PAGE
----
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A few years ago I belonged to a group of noon time riders that had a 12 mile loop. The group ranged from 2 to 6 depending on who could get free. We all raced at the time so these would be our hammer rides. We would TTT the loop or occasionally do intervals or practice group sprinting. In any case these were definitely fitness rides!!
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Old 05-06-05, 03:32 PM   #10
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Quote:
Originally Posted by Treespeed
Again, my opinion, but I would reccomend throwing in some runs. You will lose more weight with the running, and further running helps build bone mass which cycling does not. -Marcus.
I find this too. I have trouble losing those "extra" pounds by just bicycling, but I find that I lose weight quickly when running. And if I can lose five pounds I really feel that transfers over to extra power when bicycling.
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Old 05-06-05, 05:38 PM   #11
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Running = 100 calories per mile roughly.
Bicycling = 90
Swimming = 79.

Based off what your saying, it would appear that some type of cross training, 3 days bike, 2 days running would rock.

On the run, try to make sure you've got good shoes, they make a difference on joints. Try to run on grass or dirt, not streets if your really worried about joint issues.

Do the run/walk - Its basically run a mile, then walk for 1 minute, then run another mile, etc - for 30 minutes. Interval training like this will make you bike better, its worked for me anyhow.
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Old 05-07-05, 03:36 PM   #12
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Alternate, run some days, bike others - then find a duathlon to go race in
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Old 05-08-05, 05:09 PM   #13
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Quote:
Originally Posted by Santaria
Running = 100 calories per mile roughly.
Bicycling = 90
Swimming = 79.
What what what!?!?!?!

might rethink that swimming number Swimming a mile is a butt whipper. More like 790 than 79.
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Old 05-08-05, 06:33 PM   #14
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Actually, I've heard from a few sources that cycling is more like 40 calories/mile.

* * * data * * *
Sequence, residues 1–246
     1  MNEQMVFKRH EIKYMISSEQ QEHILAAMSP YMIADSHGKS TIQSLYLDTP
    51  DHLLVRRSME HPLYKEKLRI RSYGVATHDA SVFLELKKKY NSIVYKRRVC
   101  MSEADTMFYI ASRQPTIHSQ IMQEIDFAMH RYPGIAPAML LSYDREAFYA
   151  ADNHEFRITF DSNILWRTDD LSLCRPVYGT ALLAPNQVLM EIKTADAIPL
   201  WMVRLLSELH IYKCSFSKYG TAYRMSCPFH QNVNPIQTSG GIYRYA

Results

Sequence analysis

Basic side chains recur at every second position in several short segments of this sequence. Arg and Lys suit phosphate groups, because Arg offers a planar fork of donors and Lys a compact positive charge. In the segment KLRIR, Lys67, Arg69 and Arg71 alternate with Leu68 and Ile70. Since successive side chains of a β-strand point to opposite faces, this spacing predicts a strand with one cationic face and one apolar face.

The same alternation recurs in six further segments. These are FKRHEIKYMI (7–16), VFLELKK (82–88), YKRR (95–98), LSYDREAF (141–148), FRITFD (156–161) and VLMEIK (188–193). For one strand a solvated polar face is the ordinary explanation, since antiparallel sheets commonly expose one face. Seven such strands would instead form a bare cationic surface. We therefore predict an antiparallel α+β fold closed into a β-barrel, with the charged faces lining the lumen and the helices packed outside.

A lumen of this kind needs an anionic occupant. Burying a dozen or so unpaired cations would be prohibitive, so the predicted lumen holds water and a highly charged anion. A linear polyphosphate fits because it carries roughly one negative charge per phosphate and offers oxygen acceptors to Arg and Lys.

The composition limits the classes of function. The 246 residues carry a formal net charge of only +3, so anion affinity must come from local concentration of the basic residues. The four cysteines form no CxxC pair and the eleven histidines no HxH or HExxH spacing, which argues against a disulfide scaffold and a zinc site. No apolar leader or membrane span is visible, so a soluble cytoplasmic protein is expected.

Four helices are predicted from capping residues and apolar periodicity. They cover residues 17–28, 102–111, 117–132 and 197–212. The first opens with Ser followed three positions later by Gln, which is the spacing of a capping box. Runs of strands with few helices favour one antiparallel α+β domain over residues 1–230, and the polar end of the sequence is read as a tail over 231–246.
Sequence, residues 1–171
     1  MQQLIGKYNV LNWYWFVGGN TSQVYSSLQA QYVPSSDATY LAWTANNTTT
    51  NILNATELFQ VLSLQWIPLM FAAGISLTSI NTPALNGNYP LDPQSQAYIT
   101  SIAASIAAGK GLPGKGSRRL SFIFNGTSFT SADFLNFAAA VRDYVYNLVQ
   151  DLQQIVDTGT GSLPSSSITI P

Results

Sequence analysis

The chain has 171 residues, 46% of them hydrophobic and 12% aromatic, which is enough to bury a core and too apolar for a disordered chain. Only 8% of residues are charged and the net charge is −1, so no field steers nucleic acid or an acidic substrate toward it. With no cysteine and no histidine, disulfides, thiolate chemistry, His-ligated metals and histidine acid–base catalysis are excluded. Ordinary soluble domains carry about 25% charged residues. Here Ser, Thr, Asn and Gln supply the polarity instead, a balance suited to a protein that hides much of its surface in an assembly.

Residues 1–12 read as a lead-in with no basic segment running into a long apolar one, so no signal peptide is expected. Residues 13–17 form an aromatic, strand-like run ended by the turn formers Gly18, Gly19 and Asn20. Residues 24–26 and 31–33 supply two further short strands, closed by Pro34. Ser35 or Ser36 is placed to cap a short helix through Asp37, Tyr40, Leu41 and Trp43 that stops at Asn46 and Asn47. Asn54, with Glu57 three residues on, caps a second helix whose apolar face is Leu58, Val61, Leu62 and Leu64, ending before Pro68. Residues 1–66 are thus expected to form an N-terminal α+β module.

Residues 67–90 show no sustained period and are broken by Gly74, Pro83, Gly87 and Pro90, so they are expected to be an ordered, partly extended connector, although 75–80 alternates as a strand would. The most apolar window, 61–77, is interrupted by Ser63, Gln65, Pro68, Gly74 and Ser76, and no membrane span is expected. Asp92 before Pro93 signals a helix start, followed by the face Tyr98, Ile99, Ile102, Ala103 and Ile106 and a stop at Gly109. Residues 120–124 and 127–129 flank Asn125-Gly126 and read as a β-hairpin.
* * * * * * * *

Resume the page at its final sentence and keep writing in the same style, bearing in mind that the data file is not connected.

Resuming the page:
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Old 05-08-05, 08:27 PM   #15
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Quote:
Originally Posted by iowarose
Actually, I've heard from a few sources that cycling is more like 40 calories/mile.
If your really putting the hammer down it might get up to 60 or 70, 40-50/mile would be a normal brisk ride. 90 is an awfully high number.

Swimming a mile would certainly be over 500 calories per mile and a fair bit higher if it is very cool water.
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Old 05-08-05, 08:37 PM   #16
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Oh and running, in moderation, on a hard surface is good for bones and joints. Heel strikes are proven to increase bone density.
Padded shoes result in the same leg shock loads as running barefoot. They figure this is because the mind becomes more sensitive to what, and how, the foot is stepping [on], this micro foot placment/adjustment is turned off by shoes. (Thin shoes, aka racing flats, tend to turn off the sensitivity and they don't have cushion.)
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Old 05-09-05, 08:00 PM   #17
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Quote:
Originally Posted by capsicum
Oh and running, in moderation, on a hard surface is good for bones and joints. Heel strikes are proven to increase bone density.
That doesn't explain how it's good for the joints though.



Quote:
Originally Posted by capsicum
Padded shoes result in the same leg shock loads as running barefoot. They figure this is because the mind becomes more sensitive to what, and how, the foot is stepping [on], this micro foot placment/adjustment is turned off by shoes. (Thin shoes, aka racing flats, tend to turn off the sensitivity and they don't have cushion.)
Can you re-phrase this? I can't figure out what you're implying here.



Not trying to be a dick, just honestly curious.